Clinch Mountain Boy Jack Cooke dies
Wednesday, December 2, 2009
– Jack Cooke, long-time bass player and singer with Ralph Stanley's Clinch Mountain Boys, died Tuesday at a hospital in his hometown of Norton, Va., after collapsing at his home.
Vernon Crawford "Jack" Cooke was born Dec. 6, 1936. His first professional job was playing with the Stanley Brothers while he was still in his teens. He left the Stanleys to join Bill Monroe's Blue Grass Boys band, a post he held from 1956-1960. During that time, he recorded such songs with Monroe as Gotta Travel On, Big Mon and Tomorrow I'll Be Gone.
Later, he formed his own group, Jack Cooke and the Virginia Mountain Boys, and played in bands headed by Earl Taylor and the Stonemans. He joined the Clinch Mountain Boys in 1970 and remained there until he was sidelined by health problems early this year. In 2002, he shared with the Clinch Mountain Boys a best bluegrass album Grammy for "Lost In The Lonesome Pines, "a collection headlined by Jim Lauderdale and Ralph Stanley. Lauderdale produced Cooke's only solo album, "Sittin' On Top Of The World," released in 2007.
CD reviews for Jack Cooke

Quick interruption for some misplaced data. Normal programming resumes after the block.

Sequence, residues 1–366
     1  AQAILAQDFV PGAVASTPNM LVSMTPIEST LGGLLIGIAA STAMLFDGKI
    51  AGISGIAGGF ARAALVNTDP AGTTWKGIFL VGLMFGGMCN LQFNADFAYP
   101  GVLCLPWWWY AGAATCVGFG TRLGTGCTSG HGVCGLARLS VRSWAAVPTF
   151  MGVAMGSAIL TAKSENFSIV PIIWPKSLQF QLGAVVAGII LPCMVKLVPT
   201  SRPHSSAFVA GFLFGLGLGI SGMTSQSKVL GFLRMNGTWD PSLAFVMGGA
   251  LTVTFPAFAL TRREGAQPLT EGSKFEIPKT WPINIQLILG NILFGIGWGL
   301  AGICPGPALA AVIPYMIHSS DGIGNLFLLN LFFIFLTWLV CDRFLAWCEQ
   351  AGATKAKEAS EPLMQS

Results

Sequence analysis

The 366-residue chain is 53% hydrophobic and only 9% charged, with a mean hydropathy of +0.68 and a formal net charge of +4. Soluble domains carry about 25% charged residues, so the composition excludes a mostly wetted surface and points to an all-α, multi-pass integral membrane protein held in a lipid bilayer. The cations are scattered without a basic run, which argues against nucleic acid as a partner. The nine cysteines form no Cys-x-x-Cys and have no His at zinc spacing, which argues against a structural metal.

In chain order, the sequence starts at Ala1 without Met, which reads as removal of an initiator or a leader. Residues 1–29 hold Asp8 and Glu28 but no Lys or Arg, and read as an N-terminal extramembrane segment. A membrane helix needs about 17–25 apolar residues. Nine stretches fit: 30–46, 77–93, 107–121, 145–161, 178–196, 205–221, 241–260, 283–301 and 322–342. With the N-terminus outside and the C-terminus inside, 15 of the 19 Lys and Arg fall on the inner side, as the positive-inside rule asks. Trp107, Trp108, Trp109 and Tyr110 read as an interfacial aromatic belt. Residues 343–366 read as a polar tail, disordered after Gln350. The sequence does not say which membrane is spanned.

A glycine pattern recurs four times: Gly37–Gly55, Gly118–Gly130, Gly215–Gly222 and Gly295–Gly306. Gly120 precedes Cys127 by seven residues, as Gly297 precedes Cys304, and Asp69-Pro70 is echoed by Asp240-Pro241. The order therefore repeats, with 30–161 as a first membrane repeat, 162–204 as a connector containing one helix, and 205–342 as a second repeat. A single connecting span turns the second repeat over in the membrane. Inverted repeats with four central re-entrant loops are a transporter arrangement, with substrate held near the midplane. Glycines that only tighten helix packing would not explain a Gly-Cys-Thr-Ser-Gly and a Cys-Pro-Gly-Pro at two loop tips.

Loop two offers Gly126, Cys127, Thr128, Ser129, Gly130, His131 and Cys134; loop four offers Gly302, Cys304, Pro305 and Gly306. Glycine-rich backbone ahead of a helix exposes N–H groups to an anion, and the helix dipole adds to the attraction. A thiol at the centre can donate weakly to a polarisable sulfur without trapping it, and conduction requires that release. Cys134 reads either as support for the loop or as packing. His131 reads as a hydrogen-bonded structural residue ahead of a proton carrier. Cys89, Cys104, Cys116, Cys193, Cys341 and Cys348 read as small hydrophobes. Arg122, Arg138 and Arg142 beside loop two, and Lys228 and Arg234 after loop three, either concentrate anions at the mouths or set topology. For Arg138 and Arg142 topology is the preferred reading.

Sittin' On Top of the World
After touring with Ralph Stanley for 37 years, it comes as no surprise that Jack Cooke's new CD is heavily influenced by the Stanley sound. This is no weak imitation, though, as the music instantly brings to mind Ralph's own words, which describe his brand of bluegrass as "Mountain Music."
Steve Sparkman's Stanleyish piercing archtop kicks off the first cut, and the harmonies are much like the old Stanley Brother's sound with Ralph himself doing the tenor work on two cuts. »»»
Editorial: Walking the talk
When names like Hank Williams, Johnny Cash, Waylon and the Hag are invoked, you're talking hard core country. These are the touchstones of country , the guys who made country music what it was and still is (or maybe can be). When these folks would sing about being down-and-out and the rough-and-tumble, they knew of what they were singing about. Fast forward a few years to the country singers of today. »»»
Concert Review: The Lil Smokies provide the perfect antidote
On a night when the world to be falling further apart thanks to coronavirus (this would be the night the NBA postponed the season), there stood The Lil Smokies to at least in some small measure save the day.
The quintet is part of a generation of musicians with bluegrass as the basis, but not totally the sum of the music either.... »»»
Concert Review: White makes the case for himself, no matter how dark the music
John Paul White opined with a glint in his eyes that his songs were not of the uplifting variety. In fact, they were downright dark. How else to explain "The Long Way" with the line "long way home back to you." Or "James," a song inspired by his grandfather who suffered from dementia.
But lest you think that the Alabama... »»»
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